Q: Sir, could you go back to Afghanistan, your day of traveling around the country - you also were down at RC East. Can you tell us what you learned there? And – (inaudible).
GEN. DEMPSEY: Yeah, if I – my perspective on RC East was actually – I have read that – in intel and in – and the weekly reports from the commanders on the ground, I’d been reading that we felt as though we had reversed the momentum of the Taliban. But I didn’t appreciate it, really, till I visited RC South. And I’m told as well of the same kind of progress in RC Southwest.
Now, there are some challenges on the scene between those two regional commands. There’s a couple of districts there that are still quite contested. But I was really impressed by the degree to which the Taliban has lost influence there, and notably among the population.
Now, look. I’m not predicting that they’re not going to try to re-insert themselves. And, you know, we are now in the beginning of that part of the year when activity is historically low anyway as winter – at the onset of winter. But, you know, we’ve had two pretty good fighting seasons now behind us, and there is a sense, both among military leaders and civilian leaders, that the momentum is reversed in RC South.
Q: Is – I’m sorry, I meant East with the – (inaudible).
GEN. DEMPSEY: Oh, East. Well, very different story in the east.
GEN. DEMPSEY: There I did not have the same sense, nor did the leaders I met with. I’m sorry; I misinterpreted.
I didn’t have the same sense that the issue was as – was as clear in RC East. And I suppose we would have to say, that’s, of course, because of the sanctuary in western Pakistan. But General Scaparrotti, the IJC commander and the commander of RC East have a plan to maintain pressure over the winter. They share with RC South the same commitment to the growth and development of the security forces. And, of course, we talked – we talk to some length in RC East about the tension between us and Pakistan.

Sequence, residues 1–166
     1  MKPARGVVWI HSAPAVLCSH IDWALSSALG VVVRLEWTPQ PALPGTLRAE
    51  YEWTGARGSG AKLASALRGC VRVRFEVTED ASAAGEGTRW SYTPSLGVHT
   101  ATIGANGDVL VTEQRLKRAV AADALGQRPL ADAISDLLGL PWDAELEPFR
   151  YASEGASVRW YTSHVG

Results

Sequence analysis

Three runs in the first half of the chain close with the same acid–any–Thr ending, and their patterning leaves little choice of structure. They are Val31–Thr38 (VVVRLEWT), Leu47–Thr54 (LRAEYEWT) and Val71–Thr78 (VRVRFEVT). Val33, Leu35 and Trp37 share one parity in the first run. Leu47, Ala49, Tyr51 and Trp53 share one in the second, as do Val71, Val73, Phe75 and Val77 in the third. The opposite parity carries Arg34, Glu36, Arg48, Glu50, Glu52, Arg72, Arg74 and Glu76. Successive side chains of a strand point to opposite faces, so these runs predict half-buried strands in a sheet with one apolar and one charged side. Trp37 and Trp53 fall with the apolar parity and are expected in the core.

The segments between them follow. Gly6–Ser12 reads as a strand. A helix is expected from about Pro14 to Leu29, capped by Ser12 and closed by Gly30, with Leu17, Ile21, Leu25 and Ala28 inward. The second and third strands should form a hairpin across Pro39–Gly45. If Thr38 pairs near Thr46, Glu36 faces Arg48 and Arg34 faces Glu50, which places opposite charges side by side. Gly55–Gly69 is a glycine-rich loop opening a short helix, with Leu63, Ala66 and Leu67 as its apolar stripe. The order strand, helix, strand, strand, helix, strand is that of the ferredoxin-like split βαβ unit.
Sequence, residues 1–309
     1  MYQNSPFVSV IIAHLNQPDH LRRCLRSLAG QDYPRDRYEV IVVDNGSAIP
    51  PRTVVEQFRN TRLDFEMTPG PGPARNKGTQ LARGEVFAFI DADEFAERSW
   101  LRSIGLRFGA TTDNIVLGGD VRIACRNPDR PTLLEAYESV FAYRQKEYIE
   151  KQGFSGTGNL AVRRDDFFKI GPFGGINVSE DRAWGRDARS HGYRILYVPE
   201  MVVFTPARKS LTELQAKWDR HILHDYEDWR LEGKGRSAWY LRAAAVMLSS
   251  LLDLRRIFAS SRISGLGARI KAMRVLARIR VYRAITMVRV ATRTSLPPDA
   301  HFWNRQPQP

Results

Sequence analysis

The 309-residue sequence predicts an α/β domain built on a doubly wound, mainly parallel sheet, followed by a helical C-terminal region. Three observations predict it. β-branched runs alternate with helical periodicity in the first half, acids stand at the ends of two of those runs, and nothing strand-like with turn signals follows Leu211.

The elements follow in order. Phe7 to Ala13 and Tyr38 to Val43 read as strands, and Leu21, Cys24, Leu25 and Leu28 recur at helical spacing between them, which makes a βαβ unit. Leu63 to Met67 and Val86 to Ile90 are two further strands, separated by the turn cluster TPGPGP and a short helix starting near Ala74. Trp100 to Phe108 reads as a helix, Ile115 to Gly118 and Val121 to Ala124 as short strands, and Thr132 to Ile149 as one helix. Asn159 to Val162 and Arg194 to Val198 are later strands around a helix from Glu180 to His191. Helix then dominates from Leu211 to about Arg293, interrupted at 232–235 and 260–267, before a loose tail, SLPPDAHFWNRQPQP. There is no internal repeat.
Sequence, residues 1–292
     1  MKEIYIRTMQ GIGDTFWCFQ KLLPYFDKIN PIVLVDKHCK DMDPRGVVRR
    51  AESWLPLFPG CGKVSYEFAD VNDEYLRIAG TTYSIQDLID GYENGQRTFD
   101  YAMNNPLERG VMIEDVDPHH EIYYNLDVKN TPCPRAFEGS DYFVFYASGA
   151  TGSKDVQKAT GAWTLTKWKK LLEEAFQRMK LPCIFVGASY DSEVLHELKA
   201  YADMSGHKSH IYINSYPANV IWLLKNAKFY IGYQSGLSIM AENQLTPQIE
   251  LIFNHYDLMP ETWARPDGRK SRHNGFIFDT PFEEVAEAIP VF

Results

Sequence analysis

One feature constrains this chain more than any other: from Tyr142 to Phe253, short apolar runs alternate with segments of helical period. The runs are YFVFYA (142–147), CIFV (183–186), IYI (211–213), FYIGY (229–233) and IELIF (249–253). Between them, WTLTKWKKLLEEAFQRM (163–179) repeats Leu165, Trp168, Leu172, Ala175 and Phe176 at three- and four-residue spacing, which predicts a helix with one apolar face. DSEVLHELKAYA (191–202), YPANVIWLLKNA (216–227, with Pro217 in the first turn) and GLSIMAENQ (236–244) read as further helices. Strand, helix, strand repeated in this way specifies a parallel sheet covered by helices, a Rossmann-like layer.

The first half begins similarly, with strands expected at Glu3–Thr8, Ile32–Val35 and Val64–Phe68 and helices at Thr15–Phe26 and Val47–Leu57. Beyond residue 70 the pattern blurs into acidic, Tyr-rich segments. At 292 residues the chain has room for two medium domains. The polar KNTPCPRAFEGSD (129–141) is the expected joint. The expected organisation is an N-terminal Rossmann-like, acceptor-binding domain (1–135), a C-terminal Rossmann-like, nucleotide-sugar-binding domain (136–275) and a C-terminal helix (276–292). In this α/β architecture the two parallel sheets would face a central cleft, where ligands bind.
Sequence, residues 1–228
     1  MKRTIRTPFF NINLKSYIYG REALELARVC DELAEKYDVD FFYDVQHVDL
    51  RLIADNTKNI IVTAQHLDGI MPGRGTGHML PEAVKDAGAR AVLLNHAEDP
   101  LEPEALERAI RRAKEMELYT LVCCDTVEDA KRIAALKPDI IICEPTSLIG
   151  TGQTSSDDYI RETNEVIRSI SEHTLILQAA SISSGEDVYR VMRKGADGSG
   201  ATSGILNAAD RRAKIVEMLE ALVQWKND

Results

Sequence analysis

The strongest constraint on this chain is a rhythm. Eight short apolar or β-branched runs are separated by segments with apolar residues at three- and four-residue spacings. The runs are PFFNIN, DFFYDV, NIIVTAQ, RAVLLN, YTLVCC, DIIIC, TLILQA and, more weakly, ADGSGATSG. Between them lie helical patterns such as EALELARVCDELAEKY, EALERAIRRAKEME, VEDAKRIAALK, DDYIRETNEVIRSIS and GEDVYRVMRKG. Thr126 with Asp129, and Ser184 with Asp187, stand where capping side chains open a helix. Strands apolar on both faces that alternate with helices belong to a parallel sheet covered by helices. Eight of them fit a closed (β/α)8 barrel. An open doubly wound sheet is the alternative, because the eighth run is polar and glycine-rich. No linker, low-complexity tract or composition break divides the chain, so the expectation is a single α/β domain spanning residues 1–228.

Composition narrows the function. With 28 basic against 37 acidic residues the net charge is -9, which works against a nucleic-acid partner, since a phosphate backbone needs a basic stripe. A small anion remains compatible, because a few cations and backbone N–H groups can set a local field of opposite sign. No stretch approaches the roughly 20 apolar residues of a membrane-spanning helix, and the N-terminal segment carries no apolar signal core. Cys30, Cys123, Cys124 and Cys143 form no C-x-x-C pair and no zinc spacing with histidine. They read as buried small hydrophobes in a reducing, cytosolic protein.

Q: Have there been any adjustments to the – to what the commanders there have to do because of the tension, the cutoff in communication with Pakistan – just keeping tabs on what’s going near the side of the border and the flow of food there –
GEN. DEMPSEY: Yeah. Well – you know, General Allen has – you know, General Allen has established some – he has changed a bit of criteria for coordination between one side and – by the way, coordination actually continues. And maybe, I would even suggest, has taken on a greater urgency to avoid any miscalculations or mistakes. But we have established some control measures. We’ve established some command-and-control architectures. But, you know, that has to continue. And we haven’t yet completed the investigation. And once we do and have a discussion about – with Pakistan – about what we learned from the investigation, I think that will illuminate some additional opportunities.
Q: General, one of the things we heard in our briefings in Afghanistan is that training of the ANSF – the capabilities of the ANSF are basically reasonably on the mark they should be on, and in some places, they’re ahead of the mark. But governance is still behind, is still a weak point – different parts of the country, but broad brush. Are we heading for an Afghanistan that has good military capability – governance is just too heavy a boulder to push up that hill and we have to figure out how to make it work in those circumstances?